City, Mount Werner Water planning to protect Steamboat’s drinking water from wildfire |

City, Mount Werner Water planning to protect Steamboat’s drinking water from wildfire

The Fish Creek watershed lies between the plumes of the Ryan and Silver Creek fires in late summer 2018. With most of the city’s drinking water coming from Fish Creek, local water managers are planning for what to do should a fire burn through the forests surrounding Fish Creek.
Courtesy Kelly Romero-Heaney/city of Steamboat Springs

STEAMBOAT SPRINGS — Steamboat Springs’ drinking water starts as snow on Buffalo Pass, trickling into Fish Creek and Fish Creek Reservoir. About a mile after the creek barrels over Fish Creek Falls, it flows through the Mount Werner Water District treatment plant, where — after treatment — it courses into faucets all across town.

As the city’s main source of drinking water, water managers in Steamboat know the possibility of wildfire in the Fish Creek watershed places drinking water at risk.

“We recognize there’s a vulnerability there, and we need to focus on what we can do to protect that source,” said city water resources manager Kelly Romero-Heaney.

To plan for this, the city and Mount Werner Water, the two agencies that work together to operate water infrastructure in Steamboat, are using grant funding to understand what can be done before, during and after a wildfire to protect Steamboat’s drinking water supply.

Two contractors, Respec and Anchor Point, were selected to develop the Fish Creek Critical Community Watershed Wildfire Protection Plan, which will outline these actions. The plan was funded by a Colorado Water Conservation Board grant.

The plan was presented in a community open house on Thursday.

Respec’s Megan Burke, a fire hydrologist who served as the project manager, said fire changes the way water moves through plants and trees in the forest. Less water absorbs into the ground, and as more runoff flows over the ground after a fire, it picks up more sediment and erosion.

This sediment can include ash, debris and other contaminants. Removing these contaminants makes it harder and more expensive to treat water to make it safe to drink, according to the city, and additional sediment can fill reservoirs leaving less space for stored water.

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To learn more about the Fish Creek Critical Community Watershed Wildfire Protection Plan, visit

The consultants first identified what areas of the Fish Creek watershed have the greatest potential for wildfire and what areas have the greatest chance to impact water quality if a fire does occur.

Then they used information from those analyses to prioritize actions that can be taken both in Routt National Forest and in area water infrastructure to prepare for the impacts of fire on our drinking water supply. This includes steps that can be taken before, during and after a fire occurs.

These recommended actions include upgrading and adding some infrastructure at the Mount Werner Water treatment plant. The plan also highlights certain pollutants and possible issues the plant should look out for if a fire occurs.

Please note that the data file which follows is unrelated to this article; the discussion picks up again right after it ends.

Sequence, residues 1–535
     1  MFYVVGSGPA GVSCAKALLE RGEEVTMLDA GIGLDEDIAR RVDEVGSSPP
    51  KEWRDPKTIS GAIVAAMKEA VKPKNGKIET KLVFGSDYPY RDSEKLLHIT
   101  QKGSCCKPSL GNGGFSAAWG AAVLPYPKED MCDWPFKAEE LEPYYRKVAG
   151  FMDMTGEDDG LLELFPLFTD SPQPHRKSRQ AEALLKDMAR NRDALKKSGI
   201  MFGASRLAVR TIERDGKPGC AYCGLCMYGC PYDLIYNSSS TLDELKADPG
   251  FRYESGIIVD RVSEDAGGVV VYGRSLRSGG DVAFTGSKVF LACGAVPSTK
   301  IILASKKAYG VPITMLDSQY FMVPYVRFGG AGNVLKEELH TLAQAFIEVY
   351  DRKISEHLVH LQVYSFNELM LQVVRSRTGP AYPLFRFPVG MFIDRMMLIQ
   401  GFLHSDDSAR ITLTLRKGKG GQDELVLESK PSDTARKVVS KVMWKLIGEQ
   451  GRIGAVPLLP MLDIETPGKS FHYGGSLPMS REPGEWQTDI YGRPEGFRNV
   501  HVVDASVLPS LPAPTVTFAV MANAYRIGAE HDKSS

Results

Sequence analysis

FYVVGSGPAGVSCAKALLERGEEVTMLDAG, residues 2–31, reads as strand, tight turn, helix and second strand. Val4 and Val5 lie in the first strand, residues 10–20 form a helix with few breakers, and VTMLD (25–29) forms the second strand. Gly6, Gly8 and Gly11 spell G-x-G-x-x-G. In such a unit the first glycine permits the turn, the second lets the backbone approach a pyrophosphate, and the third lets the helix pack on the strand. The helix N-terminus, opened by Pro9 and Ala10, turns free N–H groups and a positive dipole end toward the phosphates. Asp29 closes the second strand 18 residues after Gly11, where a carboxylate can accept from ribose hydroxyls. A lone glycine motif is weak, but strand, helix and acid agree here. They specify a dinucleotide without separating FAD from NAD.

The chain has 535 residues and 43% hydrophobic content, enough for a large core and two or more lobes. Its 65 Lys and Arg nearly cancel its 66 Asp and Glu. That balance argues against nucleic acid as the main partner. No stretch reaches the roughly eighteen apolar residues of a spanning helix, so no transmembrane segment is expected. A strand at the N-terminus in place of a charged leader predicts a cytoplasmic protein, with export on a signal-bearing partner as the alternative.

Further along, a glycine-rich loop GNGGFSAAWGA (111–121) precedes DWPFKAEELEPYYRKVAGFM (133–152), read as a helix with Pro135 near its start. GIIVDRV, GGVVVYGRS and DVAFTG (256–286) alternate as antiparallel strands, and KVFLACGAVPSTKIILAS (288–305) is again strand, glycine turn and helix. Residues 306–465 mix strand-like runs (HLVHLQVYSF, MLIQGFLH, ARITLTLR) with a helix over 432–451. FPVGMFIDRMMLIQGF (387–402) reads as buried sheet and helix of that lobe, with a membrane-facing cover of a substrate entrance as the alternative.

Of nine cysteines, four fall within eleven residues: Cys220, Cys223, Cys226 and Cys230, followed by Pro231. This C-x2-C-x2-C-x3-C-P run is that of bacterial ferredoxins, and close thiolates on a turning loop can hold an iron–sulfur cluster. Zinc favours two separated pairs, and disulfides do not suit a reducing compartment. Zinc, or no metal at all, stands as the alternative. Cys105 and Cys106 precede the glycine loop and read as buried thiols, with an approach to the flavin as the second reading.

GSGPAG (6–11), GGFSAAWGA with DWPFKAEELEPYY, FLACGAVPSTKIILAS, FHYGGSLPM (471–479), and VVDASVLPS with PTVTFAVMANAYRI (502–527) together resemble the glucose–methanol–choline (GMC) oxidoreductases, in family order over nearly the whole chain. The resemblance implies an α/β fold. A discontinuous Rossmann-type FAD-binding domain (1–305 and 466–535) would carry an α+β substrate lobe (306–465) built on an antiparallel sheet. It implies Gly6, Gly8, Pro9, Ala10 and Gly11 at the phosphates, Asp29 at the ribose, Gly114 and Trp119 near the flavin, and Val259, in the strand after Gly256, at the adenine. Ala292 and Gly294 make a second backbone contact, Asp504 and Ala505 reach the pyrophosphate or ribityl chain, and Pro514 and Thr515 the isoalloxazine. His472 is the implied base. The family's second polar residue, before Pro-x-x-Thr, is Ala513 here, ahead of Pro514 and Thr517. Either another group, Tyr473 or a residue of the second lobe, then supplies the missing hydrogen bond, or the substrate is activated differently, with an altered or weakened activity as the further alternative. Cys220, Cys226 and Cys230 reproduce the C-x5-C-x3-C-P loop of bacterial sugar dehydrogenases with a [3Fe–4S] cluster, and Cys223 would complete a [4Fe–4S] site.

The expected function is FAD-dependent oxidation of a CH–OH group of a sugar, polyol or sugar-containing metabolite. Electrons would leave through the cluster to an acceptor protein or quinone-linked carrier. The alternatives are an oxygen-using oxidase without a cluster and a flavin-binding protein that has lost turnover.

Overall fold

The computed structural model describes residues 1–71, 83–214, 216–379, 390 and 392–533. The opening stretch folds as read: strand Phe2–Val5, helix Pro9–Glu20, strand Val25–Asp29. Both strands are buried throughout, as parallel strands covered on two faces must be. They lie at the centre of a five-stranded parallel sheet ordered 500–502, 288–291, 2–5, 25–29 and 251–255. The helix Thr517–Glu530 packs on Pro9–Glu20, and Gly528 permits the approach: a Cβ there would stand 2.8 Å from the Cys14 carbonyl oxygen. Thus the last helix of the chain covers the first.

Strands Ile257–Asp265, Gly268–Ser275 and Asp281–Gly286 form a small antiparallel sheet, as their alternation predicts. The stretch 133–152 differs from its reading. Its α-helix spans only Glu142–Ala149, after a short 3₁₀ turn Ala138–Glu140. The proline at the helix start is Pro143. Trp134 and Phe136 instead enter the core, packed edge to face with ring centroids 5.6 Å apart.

If a fire were to impact water quality or the treatment plant at a point where that water couldn’t be used, Romero-Heaney said the water treatment plant on the Yampa River would be able to process water to keep taps running, though residents would be asked not to water yards. 

The Fish Creek watershed
Courtesy city of Steamboat Springs

This redundancy — having another water source in case Fish Creek is compromised — is another element of the plan. The city and Mount Werner Water are working to expand the treatment capacity of the Yampa River plant. Romero-Heaney said the city is also working to ensure water rights are in place that would allow Steamboat to build an additional treatment facility west of town on the Yampa or the Elk River. 

In areas where humans are most likely to accidentally spark a wildfire, such as Steamboat’s Sanctuary neighborhood and areas where there is a lot of outdoor recreation, the plan suggests creating fuel breaks, an area where flammable vegetation is cut back. Maintained trails and roads can also be used as fire breaks. These breaks could help prevent a spark from a muffler or a grill igniting a more widespread fire. 

Burke said wildfires are often ignited by the community, so protecting the water treatment plant with fuel breaks and building on fire prevention strategies planned for the Sanctuary neighborhood could “protect the watershed from this human ignition source.”

It also suggested improving some U.S. Forest Service roads that would give water managers and firefighters better access to critical areas in a fire. And for after a fire, the plan identifies areas where right after the flames pass, land and water managers could place temporary ponds to catch eroded soil and debris. The plan also identifies the areas where removing flammable vegetation that fuels a fire would be most effective.

Another recommendation called for more public education about the importance of preventing fire near Fish Creek.

“There are a lot of (recreation) users in this watershed,” Burke said. “Most people don’t know that they’re hiking where their drinking water comes from. … So, there’s an opportunity to make people aware that you’re in your drinking water watershed. That this is fire prone. Please behave accordingly.”

The plan is still being finalized. It will ultimately be presented to the Steamboat Springs City Council and Mount Werner Water District Board for final approval.

To reach Eleanor Hasenbeck, call 970-871-4210, email or follow her on Twitter @elHasenbeck.

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